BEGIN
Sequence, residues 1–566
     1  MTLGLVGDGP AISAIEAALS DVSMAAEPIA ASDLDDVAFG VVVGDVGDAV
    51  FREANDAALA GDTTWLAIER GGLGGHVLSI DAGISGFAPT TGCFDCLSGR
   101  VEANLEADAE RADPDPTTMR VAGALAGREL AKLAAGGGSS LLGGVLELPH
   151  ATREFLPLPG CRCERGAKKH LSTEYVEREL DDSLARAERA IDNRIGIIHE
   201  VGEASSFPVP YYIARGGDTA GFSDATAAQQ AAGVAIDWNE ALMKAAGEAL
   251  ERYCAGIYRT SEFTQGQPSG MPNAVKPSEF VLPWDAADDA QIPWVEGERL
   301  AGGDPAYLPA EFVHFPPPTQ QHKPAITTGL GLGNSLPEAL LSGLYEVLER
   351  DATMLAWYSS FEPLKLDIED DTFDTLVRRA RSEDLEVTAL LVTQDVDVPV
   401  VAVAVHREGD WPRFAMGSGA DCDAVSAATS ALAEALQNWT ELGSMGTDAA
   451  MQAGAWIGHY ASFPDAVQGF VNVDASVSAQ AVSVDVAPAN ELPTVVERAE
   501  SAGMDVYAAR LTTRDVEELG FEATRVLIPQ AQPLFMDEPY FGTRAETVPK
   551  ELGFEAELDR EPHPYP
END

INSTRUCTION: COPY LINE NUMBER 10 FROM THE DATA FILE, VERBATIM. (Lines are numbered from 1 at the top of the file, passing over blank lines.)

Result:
   401  VAVAVHREGD WPRFAMGSGA DCDAVSAATS ALAEALQNWT ELGSMGTDAA